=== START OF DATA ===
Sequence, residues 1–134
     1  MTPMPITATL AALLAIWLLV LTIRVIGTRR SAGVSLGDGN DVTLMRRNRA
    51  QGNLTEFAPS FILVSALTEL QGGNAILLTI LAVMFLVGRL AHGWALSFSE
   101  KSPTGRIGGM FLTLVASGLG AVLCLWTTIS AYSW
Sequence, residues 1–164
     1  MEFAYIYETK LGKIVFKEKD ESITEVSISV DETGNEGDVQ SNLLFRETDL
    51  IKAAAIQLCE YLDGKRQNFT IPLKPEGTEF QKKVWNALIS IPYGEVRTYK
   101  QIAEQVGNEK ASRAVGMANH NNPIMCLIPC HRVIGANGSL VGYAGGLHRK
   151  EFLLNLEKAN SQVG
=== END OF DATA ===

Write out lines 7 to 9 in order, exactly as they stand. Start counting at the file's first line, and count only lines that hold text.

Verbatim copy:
    51  IKAAAIQLCE YLDGKRQNFT IPLKPEGTEF QKKVWNALIS IPYGEVRTYK
   101  QIAEQVGNEK ASRAVGMANH NNPIMCLIPC HRVIGANGSL VGYAGGLHRK
   151  EFLLNLEKAN SQVG